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When I think of a thirty dollar budget game, Earth Defense Force 2017 tends to come to mind. A completely unpolished and bizarre project whose absurdity and unique nature is often the source of its incredible fun. The B-Movie of video games, it’s lack of budget and cheap production is as much the charm and fun as it is in Bruce Campbell vs. the Army of Darkness.

Hellblade: Senua’s Sacrifice is a budget title, but it is not a video game equivalent to the cheap grindhouse shlock that would later inspire creatives like Robert Rodriguez, Guillermo Del Toro and Peter Jackson. It is much more comparable to a film like Reservoir Dogs. Clearly lower in budget and independently developed, but with greater technique and polish than its contemporaries. It may have its flaws, but its smaller scope – narratively and mechanically – do not keep it from standing alongside the more expensive and flashy AAA production content.

To understand what makes Hellblade work, it is first important to understand the real experiment developer Ninja Theory performed. Like many other action games, it is assumed that the bulk of the mechanics are found in the combat. Puzzles and labyrinths merely serve to break up and pace the action so as to not exhaust the player. Hellblade seems to follow just such a design throughout its first two zones, with puzzles and combat interchanging until the player must confront a boss.

Immediately following these zones the game takes away Senua’s weapon and spends a considerable amount of time without a single fight at all.

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This is because the gameplay is not found in Senua’s blade, but in her mental illness. The combat is present because Senua is a warrior, but it is not the draw of Hellblade. Instead, each threshold Senua must cross explores a different type or manifestation of psychosis via gameplay mechanics. The most common is to discover runes hidden within the environment; an intersection of broken beams in a burnt down building that, from the right perspective, resemble a symbol. Perhaps a visual distortion in reality that, when examined from a different position, reveals a hidden bridge or stairway onward.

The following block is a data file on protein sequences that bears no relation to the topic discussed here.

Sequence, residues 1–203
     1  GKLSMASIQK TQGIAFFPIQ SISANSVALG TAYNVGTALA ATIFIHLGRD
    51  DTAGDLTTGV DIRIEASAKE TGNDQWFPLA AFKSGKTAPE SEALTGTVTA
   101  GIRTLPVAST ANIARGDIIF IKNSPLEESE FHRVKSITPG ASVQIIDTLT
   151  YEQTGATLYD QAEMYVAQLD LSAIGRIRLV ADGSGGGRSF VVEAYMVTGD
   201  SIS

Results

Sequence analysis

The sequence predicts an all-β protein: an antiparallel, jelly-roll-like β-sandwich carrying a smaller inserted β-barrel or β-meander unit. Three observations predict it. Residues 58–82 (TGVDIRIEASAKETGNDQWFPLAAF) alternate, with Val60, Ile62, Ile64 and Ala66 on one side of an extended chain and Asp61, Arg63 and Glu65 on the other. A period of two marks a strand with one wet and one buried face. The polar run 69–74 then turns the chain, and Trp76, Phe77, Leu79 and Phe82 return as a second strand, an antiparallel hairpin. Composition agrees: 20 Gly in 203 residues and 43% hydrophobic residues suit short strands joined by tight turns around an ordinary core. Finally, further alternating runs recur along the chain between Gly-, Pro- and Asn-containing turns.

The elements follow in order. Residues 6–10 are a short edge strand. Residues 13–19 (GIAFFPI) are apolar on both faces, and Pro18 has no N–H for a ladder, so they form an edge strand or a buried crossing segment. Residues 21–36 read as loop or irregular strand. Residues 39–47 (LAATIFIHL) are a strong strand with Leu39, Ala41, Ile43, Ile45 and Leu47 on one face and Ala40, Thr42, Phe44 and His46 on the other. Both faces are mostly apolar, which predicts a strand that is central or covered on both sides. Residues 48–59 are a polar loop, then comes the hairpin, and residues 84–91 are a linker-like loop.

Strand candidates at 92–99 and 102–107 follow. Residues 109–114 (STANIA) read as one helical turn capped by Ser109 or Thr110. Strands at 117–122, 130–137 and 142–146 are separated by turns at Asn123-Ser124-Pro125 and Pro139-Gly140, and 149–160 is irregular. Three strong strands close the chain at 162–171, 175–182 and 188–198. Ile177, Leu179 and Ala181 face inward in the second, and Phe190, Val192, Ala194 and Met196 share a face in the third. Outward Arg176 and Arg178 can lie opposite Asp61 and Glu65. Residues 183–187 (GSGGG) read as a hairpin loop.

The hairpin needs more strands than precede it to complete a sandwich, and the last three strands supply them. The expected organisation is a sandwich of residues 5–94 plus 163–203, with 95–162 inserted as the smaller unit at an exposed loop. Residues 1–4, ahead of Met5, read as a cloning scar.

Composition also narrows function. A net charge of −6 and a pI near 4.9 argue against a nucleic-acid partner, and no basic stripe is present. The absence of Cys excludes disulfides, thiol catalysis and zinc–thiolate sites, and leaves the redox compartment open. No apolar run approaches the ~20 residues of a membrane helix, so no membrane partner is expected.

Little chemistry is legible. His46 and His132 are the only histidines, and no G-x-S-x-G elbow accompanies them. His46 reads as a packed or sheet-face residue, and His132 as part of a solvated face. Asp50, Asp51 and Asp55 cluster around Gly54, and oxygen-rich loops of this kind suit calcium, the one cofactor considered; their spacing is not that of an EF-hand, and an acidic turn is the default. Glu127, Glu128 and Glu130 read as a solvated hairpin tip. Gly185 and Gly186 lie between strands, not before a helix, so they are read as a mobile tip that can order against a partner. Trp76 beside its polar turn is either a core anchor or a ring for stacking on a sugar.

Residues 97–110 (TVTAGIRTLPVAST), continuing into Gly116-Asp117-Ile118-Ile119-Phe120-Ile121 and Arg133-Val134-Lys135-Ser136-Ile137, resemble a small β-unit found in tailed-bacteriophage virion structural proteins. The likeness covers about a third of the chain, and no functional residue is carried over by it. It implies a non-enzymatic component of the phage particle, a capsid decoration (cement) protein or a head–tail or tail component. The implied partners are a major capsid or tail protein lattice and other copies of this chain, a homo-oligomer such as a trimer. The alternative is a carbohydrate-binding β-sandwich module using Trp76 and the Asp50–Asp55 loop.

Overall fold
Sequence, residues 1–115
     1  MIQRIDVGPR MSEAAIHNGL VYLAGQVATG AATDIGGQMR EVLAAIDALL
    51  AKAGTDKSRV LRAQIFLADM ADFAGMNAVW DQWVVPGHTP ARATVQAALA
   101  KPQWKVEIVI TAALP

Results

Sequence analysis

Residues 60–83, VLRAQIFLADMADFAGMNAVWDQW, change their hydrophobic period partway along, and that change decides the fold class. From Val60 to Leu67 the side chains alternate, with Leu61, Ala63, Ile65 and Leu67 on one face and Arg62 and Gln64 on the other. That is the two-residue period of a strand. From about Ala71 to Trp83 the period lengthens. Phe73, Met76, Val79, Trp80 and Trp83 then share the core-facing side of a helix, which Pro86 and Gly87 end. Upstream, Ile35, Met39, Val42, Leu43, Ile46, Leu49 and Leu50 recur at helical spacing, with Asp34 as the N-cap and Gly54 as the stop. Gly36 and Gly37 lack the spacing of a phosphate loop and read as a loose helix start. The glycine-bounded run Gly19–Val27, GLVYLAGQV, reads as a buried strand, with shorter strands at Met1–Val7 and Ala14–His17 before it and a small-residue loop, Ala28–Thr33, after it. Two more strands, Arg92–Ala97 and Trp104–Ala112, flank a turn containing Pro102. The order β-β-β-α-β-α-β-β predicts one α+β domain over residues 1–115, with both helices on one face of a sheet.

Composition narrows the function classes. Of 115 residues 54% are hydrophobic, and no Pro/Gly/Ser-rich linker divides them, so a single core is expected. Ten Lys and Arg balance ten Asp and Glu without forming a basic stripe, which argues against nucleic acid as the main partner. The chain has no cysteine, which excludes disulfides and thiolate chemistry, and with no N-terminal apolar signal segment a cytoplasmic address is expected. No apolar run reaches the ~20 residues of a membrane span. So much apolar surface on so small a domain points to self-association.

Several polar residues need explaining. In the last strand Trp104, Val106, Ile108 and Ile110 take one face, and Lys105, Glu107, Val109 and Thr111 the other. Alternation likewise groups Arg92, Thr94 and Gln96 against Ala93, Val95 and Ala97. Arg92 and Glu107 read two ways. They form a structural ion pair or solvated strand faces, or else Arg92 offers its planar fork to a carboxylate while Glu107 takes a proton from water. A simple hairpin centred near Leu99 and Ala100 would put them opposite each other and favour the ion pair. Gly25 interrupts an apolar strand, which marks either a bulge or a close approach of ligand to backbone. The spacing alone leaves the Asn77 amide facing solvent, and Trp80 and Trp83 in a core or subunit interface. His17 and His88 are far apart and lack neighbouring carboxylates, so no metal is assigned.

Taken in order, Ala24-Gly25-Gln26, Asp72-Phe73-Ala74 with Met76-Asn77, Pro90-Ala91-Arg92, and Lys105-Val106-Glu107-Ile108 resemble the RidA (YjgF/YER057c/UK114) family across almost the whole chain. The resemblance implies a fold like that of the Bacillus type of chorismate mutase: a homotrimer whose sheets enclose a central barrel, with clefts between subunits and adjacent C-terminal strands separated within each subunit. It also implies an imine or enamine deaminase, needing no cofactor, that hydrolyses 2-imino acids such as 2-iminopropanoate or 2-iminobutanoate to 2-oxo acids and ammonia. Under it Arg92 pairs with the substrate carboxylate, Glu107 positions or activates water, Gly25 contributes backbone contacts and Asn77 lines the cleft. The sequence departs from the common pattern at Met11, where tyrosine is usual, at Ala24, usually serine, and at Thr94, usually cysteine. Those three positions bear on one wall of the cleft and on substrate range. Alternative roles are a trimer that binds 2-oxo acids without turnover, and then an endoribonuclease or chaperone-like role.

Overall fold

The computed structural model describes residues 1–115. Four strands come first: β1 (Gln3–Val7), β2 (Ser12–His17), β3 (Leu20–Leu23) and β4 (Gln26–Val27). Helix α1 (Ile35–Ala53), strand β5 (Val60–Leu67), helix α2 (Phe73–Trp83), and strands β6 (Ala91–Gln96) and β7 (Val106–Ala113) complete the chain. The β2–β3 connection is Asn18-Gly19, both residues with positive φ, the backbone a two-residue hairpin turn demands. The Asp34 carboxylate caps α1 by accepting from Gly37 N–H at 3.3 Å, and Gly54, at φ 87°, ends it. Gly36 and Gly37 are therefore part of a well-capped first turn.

There are also unique puzzles as well, such as stepping through gateways that change the state of the world around Senua. Or perhaps lighting torches at the forks in an abandoned mine’s pathways, seeking the flicker of distant flame to indicate which illusory door will loop right back to the chamber’s entrance.

All the while the furies whisper in Senua’s ear. This is, perhaps, one of the most impressive aspects of the game. I was expecting the furies to only appear every so often, only speaking during key shifts in the narrative or upon examining essential portions of the environment. Instead, they are continually speaking, whingeing, screaming, and advising. There are very few moments where they provide something resembling silence, and while their speech can be repetitive, the sheer volume of unique exchanges and dialogue outside of combat is absolutely staggering.

Most of all, they are a sneaky way of delivering information to the player without having to break the tone. Never does the game prompt you to press a button to make something happen. Never is the fourth wall broken for the sake of “usability”. Nor do the furies ever tell the player to press a specific button on the controller to make something happen. The game trusts the player to experiment with button presses themselves, to make the effort to learn through trial and error. The closest to an instruction is when a fury informs the player to “focus”, an ability required to read lore stones, runes, and effectively improve their combat performance.